Thursday, 7 May 2020

Red Joan (2018)


Judi Dench coasts through this weak spy drama Red Joan

Director: Trevor Nunn
Cast: Judi Dench (Joan Stanley), Sophie Cookson (Young Joan), Tom Hughes (Leo Galich), Tereza Srbova (Sonya), Stephen Campbell Moore (Max), Ben Miles (Nick), Laurence Spellman (Patrick Adams)

Red Joan is based on the true-life story of Melitta Norwood, the British civil servant who from 1937 passed piles of top-secret intelligence documents to the KGB. These documents helped the Soviets create their own bomb. This feeble dramatization has Joan Stanley (Judi Dench) arrested in the late 90s, with flashbacks showing her recruitment and spy work as a young woman (Sophie Cookson), motivated by her desire to “level the playing field” and by her love for shadowy KGB recruiter Leo (Tom Hughes), a German Jew.

Trevor Nunn’s flat, dull spy story has all the freshness and imagination of an ITV Sunday night drama. Tedious, dragging and very silly, it takes a ludicrous view of 1930s and 1940s espionage. The film is obsessed with downplaying the impact of Joan’s actions, and stressing that handing over these sort of secrets was fine really because the poor Russians – Stalin’s boys lest we forget – were likely to fall victim to those Imperialist Western powers that would soon be throwing their nuclear weight about.

On top of that, the film has an almost insultingly crude idea of Cold War politics, with the world neatly divided it seems into goodies and baddies and the moral implications of actions made as simple and clean-cut as possible. Joan means well, so we can’t have any problem with what she’s doing can we? 

It’s a miracle she isn’t caught anyway since her espionage skills are so lamely ham-fisted. Maybe that’s because the investigation into the leak is handled so incompetently by the authorities, with heavy-handed arrests and quick and sudden lock-ups. But then that’s in keeping with the film’s view of British authorities as trigger-happy bullies, with even Clement Attlee reimagined as a “let’s drop one on ‘em” nut, desperate to have the bomb to threaten the Russkies with.

This simplistic vision of the past is made all the more clumsy by its feeble romance plot between young Joan and her romantic German spy and lover Leo (Tom Hughes, channelling his performance as Prince Albert in ITV’s Victoria). This romance should be the drive of events, but instead falls back on the usual clichés of young love on film, making some obvious points along the way about the lies we tell for love. 

Joan herself is absurdly reinvented as a science expert, more adept than the men she works with (who typically look down on her as little better than a tea girl). The real Melitta was indeed little more than an office worker, but Joan here is reinvented as a pioneer of physics, a genius it seems far more evolved than the mediocre men around her. Yawn, we’ve seen it all before.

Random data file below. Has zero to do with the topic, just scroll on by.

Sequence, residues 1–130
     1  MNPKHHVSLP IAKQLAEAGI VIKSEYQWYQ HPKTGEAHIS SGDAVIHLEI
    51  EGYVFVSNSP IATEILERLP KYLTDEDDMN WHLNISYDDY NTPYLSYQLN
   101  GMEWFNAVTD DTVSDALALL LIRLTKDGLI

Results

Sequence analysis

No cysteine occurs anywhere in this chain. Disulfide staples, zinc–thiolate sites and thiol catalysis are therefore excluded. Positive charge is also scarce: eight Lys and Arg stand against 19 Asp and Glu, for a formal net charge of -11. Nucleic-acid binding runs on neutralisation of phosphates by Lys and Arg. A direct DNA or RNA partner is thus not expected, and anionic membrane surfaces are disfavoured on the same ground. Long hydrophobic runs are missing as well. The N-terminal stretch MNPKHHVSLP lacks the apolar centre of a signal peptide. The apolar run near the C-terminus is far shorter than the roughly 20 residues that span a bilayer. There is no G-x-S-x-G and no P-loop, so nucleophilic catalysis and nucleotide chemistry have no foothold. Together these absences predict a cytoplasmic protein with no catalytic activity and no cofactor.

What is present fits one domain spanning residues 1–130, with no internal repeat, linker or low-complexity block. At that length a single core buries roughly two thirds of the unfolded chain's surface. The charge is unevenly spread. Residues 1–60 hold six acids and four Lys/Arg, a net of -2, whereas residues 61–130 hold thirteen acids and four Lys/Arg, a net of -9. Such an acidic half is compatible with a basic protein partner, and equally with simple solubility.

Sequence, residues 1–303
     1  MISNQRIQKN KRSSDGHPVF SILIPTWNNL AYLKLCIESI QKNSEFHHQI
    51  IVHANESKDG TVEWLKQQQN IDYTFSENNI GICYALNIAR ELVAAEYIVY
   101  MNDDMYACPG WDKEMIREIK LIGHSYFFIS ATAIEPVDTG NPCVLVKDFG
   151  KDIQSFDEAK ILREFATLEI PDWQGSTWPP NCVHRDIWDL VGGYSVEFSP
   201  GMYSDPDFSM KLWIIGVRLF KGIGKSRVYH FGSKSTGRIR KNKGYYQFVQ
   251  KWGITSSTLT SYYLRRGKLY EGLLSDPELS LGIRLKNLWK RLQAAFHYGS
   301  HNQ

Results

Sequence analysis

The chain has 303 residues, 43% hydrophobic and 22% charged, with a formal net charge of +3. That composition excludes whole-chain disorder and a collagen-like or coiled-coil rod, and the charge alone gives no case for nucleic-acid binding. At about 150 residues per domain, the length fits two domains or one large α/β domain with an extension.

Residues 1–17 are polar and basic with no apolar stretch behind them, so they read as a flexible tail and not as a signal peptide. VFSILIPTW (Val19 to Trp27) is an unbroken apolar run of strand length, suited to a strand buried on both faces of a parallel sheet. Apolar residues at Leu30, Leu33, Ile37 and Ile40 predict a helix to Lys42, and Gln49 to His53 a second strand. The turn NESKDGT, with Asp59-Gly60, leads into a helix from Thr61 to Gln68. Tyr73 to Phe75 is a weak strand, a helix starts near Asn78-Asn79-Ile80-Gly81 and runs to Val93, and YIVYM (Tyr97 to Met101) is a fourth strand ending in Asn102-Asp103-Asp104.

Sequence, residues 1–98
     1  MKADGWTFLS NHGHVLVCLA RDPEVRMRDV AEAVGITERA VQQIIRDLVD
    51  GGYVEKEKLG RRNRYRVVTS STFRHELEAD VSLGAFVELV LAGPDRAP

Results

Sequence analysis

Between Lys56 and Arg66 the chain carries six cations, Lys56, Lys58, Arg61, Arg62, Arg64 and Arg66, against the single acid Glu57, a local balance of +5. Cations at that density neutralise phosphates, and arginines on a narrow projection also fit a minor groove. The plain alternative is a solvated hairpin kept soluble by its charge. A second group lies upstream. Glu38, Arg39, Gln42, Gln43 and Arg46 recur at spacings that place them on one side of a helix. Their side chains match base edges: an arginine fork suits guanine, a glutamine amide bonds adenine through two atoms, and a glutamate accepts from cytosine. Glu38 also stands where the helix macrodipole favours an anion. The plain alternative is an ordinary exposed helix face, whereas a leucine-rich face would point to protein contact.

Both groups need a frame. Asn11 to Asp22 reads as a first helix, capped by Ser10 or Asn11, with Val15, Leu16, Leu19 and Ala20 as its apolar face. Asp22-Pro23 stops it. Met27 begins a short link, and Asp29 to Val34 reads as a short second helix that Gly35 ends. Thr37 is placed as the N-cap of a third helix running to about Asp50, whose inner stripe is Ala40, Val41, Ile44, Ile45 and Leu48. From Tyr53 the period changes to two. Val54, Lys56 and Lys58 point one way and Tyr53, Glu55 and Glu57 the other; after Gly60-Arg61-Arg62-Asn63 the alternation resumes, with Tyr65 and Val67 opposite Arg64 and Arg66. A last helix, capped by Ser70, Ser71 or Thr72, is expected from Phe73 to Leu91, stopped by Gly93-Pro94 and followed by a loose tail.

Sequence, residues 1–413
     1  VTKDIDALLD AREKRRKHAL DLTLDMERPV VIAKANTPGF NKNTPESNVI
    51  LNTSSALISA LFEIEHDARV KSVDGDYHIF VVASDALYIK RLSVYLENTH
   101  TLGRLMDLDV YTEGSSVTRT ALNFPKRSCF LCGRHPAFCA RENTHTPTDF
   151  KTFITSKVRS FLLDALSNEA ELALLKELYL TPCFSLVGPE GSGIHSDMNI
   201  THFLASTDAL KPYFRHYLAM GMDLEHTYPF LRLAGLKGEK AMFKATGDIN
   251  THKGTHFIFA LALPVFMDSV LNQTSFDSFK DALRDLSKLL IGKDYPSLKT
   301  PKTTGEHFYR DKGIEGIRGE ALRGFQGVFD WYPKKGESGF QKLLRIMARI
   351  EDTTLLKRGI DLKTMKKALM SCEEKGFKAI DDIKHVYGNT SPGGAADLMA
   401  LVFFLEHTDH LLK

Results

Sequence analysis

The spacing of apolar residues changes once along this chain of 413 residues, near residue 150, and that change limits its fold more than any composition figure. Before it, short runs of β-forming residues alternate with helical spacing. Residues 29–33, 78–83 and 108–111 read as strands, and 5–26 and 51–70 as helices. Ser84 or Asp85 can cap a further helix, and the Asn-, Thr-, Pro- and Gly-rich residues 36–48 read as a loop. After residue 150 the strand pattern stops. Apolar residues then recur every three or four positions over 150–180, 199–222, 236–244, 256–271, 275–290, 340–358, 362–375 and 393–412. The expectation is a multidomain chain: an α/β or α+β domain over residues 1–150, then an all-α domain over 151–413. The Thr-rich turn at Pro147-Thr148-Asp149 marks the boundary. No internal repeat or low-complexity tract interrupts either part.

Nunn’s direction is flat beyond belief – he has never really adjusted well to film, where his (even in theatre) lack of sense of pace is often exposed – but there is a decent performance from Sophie Cookson as the young Joan, a confused idealist who struggles to do the right thing. She carries the film very well – and certainly has more to do than Judi Dench.

Dench only infrequently appears, largely for a series of “I am reflecting on the past” reaction shots. These are intercut with tediously clumsy narrative-establishing interrogation scenes, which largely serve as intros to more flashbacks (“Tell us about X now…”). There is a feeble continuation of the theme that passing nuclear secrets can’t be that serious after all, with Ben Miles as her son going through a painfully obvious arc of disbelief, anger and acceptance culminating in a “nick of time” appearance at Joan’s press conference (based on Melitta’s real life front-garden press conference to the press announcing her guilt).

Red Joan has an interesting idea, but it’s told with trivial obviousness and dramatic flatness. It’s got all the inventiveness and spark of a fairly run-of-the-mill TV drama, and despite a good performance from Sophie Cookson, it’s got little to recommend it.

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